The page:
Writer: Kay Ledbetter, 806-677-56-8, email@example.com
Contacts: Dr. Ed Bynum, 806-677-5600, EBynum@ag.tamu.edu
Dr. Jourdan Bell, 806-677-5600, Jourdan.firstname.lastname@example.org
DeDe Jones, 806-677-5600, email@example.com
AMARILLO – Producers may be concerned about planting sorghum this season, but several Texas A&M AgriLife Extension Service specialists said there are ways to prepare for upcoming issues and be profitable.
During the Interstate 40 Sorghum Luncheon recently in Amarillo, producers heard the latest on managing sugarcane aphids, weed control and how it all figures into the bottom line as producers manage crop budgets and pricing strategies.
Dr. Ed Bynum, AgriLife Extension entomologist in Amarillo, said, “Think outside of the box.”
Planting earlier, rather than the traditional dates, allows grain sorghum to reach later grain maturity growth stages where sugarcane aphids do not cause as severe yield losses, Bynum said. Also, planting a commercially adapted sorghum variety with sugarcane aphid tolerance should be considered, as well as seed treatments.
“You need to try to avoid the risk of infestation at certain growth stages – pre-boot to milk stage,” he said. “This is very important to protect the crop. After the dough stage, the damage from the sugarcane aphid does not cause as much yield loss.
“Also, you need to be talking to your seed representative to find those sugarcane aphid tolerant hybrids that are high yielding on the Texas High Plains and best for irrigated or dryland production,” Bynum said.
“We haven’t been able to evaluate a lot of hybrids, but we do know they make a difference. You may still have to treat, but these hybrids are better than sugarcane aphid susceptible hybrids when infested.”
Bynum said scouting fields is critical to the battle against the sugarcane aphid.
“You cannot let them get too far ahead before you make a treatment or you won’t be able to knock them back where they can’t recover,” he said.
When insecticide applications are needed, Bynum said it is important to spray promptly at the proper threshold levels, use solid rates of either Sivanto Prime or Transform, and use the maximum amount of recommended gallonage per acre for spray equipment.
For the Texas High Plains, AgriLife Extension suggests using 5 fluid ounces per acre of Sivanto Prime and 1.5 ounces per acre of Transform. The application rate by air should be 5 gallons per acre and 15 gallons per acre by ground.
For the complete AgriLife Extension guidelines on treatments in the High Plains, go to http://bit.ly/2mQJ4QJ.
Once the decision is made to plant sorghum and the seed is purchased, producers need to outline their herbicide program, said Dr. Jourdan Bell, AgriLife Extension agronomist in Amarillo.
“We are really going to see a lot of spring annual weeds start to germinate and a herbicide program will be key to controlling them,” Bell said. “In addition to burn-down herbicides for current weed pressure, it is also time to begin applying residual herbicides.
“It is important to begin the production season with clean fields because in-season weeds will reduce the yield potential if not sprayed because they rob many of the nutrients and water.”
She emphasized having a season-long program, which means knowing what weeds typically occur in the field and when they need to be controlled. Most weeds need to be treated before they reach more than 4 inches or the knock-down of any chemical will be limited.
Bell outlined a number of preplant herbicides that can be used, as well as some that are not yet labeled for sorghum but are a part of the sorghum herbicide research program sponsored by the United Sorghum Checkoff program.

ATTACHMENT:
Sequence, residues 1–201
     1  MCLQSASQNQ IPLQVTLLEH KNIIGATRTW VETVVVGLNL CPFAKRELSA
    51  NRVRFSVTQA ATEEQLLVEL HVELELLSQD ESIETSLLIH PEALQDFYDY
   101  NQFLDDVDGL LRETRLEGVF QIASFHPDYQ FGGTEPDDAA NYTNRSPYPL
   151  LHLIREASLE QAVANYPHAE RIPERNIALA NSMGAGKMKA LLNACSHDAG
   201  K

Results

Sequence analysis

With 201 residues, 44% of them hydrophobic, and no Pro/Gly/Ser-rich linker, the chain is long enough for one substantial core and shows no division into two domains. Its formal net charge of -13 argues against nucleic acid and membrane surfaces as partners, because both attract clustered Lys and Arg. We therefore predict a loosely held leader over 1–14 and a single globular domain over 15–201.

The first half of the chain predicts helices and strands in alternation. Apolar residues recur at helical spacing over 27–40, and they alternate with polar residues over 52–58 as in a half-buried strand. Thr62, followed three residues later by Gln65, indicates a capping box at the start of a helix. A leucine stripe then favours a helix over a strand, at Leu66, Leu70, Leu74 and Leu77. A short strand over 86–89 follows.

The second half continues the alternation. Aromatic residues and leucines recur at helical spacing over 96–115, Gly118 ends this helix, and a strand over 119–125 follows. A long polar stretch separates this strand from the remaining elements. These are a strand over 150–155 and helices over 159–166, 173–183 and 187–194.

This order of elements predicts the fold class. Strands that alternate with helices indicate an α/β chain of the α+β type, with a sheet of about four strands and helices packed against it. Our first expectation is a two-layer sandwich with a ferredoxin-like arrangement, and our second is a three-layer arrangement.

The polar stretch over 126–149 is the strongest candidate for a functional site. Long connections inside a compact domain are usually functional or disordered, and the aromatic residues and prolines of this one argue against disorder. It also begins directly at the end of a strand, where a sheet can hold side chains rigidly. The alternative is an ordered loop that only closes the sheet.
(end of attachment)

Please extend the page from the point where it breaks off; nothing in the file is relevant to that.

A list of approved herbicides, including the weeds they treat and the crop tolerance considerations, can be found at http://bit.ly/2mSLvm5.
“Herbicides can be expensive, but weed pressure robs our resources and we know there is a return on the investment,” Bell said. “While many producers do not want to invest in herbicides when commodity prices are down, it is important they do not lose their yield potential to weed pressure. There are many effective options that can be worked into a budget.”
DeDe Jones, AgriLife Extension risk management program specialist in Amarillo, continued the discussion on sorghum and the economics of growing the crop and dealing with the issues previously outlined.
“While initially it didn’t appear sorghum was going to pencil out in our crop budgets, I would caution that might not be true,” Jones said. “Ask yourself ‘what do I grow most effectively’ before you begin changing crops.”
She said many crop budgeting programs assume a producer reaches certain yield levels, and should be adjusted based on individual averages. The 2,500 pounds-per-acre dryland sorghum yield projected in the crop profitability analyzer may be lower than what an experienced producer can make, while the budgeted 400-pound cotton yield may be a stretch for someone who hasn’t grown it before.
“We have interactive budgeting software so you can determine your breakeven costs to know what you need to make,” Jones said. “Keep in mind you need to factor in all the different components, including input costs, water requirements, crop insurance, and don’t forget about basis. Make sure you look at the total picture.”
The AgriLife Extension 2017 Crop Profitability Analyzer can be found at http://amarillo.tamu.edu/ under Facts and Figures. The Excel document will download and then each individual producer can plug in their acreage and yields.
While it is expected to be a tough year price-wise for many crops, she said planning to market the crop throughout the year leaves room for a producer to take advantage of the different things affecting supply and demand that can cause the price to rise and fall.
Her advice was, “Control your expenses, know your breakeven prices and be ready to capitalize on market rallies.”